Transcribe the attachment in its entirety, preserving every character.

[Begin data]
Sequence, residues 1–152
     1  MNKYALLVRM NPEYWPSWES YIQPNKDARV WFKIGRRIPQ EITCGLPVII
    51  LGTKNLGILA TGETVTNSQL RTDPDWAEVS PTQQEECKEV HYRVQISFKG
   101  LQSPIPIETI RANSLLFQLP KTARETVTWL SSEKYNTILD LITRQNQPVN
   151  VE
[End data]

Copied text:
Sequence, residues 1–152
     1  MNKYALLVRM NPEYWPSWES YIQPNKDARV WFKIGRRIPQ EITCGLPVII
    51  LGTKNLGILA TGETVTNSQL RTDPDWAEVS PTQQEECKEV HYRVQISFKG
   101  LQSPIPIETI RANSLLFQLP KTARETVTWL SSEKYNTILD LITRQNQPVN
   151  VE